A Lesson on Purim from the writings of Reb Noson
We are going to discuss a lesson about Purim found in the writings of Reb Noson.
One of the main focuses of the lesson is called “Klipas Haman Amalek”. Literally translated this refers to the “husks” of Haman and Amalek. In our context this is the joint negative, spiritual force of Haman and Amalek. Haman is the Rasha or evil person who tried to annihilate the Jewish people during the rule of King Achashverosh. It is said that he descended from the evil nation of Amalek who attacked the Jewish people while they were travelling through the desert.
Reb Noson explains that this spiritual force was actually the culprit for trying to cause the destruction of the Jewish people. Many times a Jew is trying to pray and this force attacks him telling him, don’t bother praying, you prayed so many times already and G-d didn’t listen to you. Why bother? Or one may think that the situation is already beyond the realm of hope and that prayer cannot help at this point. Such thoughts turn a Jew away from praying. Because of the lack of prayer in the world, both the personal exile of this Jew and the state of exile of the Jewish nation as a whole become prolonged. This extended exile causes the Jew to despair even more and forget about putting strength into his prayers altogether.
This vicious cycle would never end if it were not for the Great Tzaddikim that Hashem sends us. They teach us that G-d loves and waits for us to pray. That even the smallest single prayer is heard and helps.
This theme can be seen throughout the story of Purim.
The Jewish people believed that they were going to be redeemed after 70 years. Many of the great Jews miscalculated the time of this redemption including Daniel the prophet. “Klipas Haman Amalek” used this to attack the Jews telling them, “You see your G-d does not listen to you anymore. He didn’t even bother redeeming you. Why pray to Him?” This is why Haman made himself into an idol and commanded everyone to bow down to him.
This is the power of Amalek throughout the generations. It says in the Torah “ Zachor es asher asah lecha amalek… asher karcha baderech”, “Remember that which Amalek did to you… that they met you on the way.”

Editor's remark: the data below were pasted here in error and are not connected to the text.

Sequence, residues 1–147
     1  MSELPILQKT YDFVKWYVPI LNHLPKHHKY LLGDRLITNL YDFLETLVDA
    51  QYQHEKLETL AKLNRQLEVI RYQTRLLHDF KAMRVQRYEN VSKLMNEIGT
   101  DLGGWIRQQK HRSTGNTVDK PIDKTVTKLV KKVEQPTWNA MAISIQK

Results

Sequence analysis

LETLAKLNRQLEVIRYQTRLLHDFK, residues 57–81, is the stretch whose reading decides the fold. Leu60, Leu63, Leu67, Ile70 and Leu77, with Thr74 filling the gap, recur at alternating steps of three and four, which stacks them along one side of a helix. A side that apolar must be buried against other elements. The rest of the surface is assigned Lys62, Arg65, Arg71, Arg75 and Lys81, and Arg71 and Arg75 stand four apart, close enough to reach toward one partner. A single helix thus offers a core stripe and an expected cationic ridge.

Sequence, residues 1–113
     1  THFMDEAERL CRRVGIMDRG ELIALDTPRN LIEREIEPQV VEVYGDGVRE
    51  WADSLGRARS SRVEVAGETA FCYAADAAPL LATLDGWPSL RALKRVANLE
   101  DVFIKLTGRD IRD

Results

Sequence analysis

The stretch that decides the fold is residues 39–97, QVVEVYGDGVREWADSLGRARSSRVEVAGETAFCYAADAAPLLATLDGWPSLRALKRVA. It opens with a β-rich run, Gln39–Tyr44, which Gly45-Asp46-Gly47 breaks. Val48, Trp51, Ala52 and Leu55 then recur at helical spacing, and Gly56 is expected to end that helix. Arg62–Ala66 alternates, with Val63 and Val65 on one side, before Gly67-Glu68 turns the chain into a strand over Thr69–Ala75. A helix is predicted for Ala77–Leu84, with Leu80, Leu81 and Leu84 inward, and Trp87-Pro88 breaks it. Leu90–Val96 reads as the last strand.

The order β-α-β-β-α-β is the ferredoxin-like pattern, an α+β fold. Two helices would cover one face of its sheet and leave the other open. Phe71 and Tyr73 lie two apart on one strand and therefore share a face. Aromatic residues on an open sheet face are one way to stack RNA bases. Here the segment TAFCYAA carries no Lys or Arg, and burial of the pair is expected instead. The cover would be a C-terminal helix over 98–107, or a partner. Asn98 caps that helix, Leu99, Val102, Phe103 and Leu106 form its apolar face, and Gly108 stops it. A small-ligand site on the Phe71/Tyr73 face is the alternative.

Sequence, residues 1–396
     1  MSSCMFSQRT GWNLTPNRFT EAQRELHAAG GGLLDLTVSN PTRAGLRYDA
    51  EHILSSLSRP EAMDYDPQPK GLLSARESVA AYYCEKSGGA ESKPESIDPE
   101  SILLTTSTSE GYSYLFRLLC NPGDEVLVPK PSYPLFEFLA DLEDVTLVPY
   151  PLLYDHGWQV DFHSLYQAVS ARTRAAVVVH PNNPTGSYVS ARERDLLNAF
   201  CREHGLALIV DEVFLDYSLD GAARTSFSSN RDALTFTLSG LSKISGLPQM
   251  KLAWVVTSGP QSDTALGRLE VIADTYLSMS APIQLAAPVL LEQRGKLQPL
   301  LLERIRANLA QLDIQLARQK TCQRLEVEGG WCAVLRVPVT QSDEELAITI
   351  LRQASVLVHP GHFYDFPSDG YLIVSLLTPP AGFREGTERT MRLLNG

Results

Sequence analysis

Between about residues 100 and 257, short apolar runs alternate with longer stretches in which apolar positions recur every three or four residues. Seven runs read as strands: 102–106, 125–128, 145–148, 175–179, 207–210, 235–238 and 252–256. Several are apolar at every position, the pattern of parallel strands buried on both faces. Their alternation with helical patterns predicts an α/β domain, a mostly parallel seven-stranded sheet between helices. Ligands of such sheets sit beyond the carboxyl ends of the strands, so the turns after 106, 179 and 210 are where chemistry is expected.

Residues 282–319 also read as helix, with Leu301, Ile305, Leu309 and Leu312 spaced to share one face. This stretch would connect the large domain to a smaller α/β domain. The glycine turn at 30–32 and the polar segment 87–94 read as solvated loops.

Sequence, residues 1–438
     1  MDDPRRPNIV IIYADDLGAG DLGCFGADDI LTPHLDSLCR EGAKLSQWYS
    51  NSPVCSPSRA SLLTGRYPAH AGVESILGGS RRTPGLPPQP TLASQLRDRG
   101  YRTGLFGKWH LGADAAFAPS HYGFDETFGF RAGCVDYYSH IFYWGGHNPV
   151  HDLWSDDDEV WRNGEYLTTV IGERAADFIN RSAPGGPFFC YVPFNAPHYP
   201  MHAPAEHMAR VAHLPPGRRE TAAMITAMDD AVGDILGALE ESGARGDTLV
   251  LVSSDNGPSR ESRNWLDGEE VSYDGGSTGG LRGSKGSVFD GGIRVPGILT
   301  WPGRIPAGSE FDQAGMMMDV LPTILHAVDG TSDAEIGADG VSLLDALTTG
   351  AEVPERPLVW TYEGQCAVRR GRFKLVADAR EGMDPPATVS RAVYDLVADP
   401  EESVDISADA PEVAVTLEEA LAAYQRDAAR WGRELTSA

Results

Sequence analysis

Karcha can also be translated as cooled you on the way. They seek to cool us from our prayers.
However, G-d sent us Mordechai – Mori D’chayi, which can be translated as “a pleasant smell.” He refused to bow down to Haman. He told the Jews to fast and pray. He encouraged the Jews and taught us that G-d wants to hear from us, our prayers are pleasant smelling to Him. Perhaps we still need to pray more, but every prayer that was said, has been heard. Let us continue and strengthen ourselves in prayer and we will surely be redeemed and this terrible decree will be renounced.
Esther represents the Jewish People. She went down to the palace of Achashverosh, a place filled with idols and was taken under the spiritual influence of his evil reign. The Gemara says at this point her “Ruach Hakodesh” or Divine Inspiration left her. She screamed out “keyli keyli, lama azavtani – My G-d, my G-d, why have you abandoned me.” Even when we have involved ourselves in bad situations, and are surrounded by idols, we can always scream out and be saved.
Today we find ourselves in a similar predicament, both personally and as a nation. But we and our ancestors have screamed and screamed for thousands of years. Surely, if we will hold on only a little longer and scream just a bit more, we will also be redeemed.
A freylechen Purim
Breslov Research Institute
© Copyright 2009 Breslov Research Institute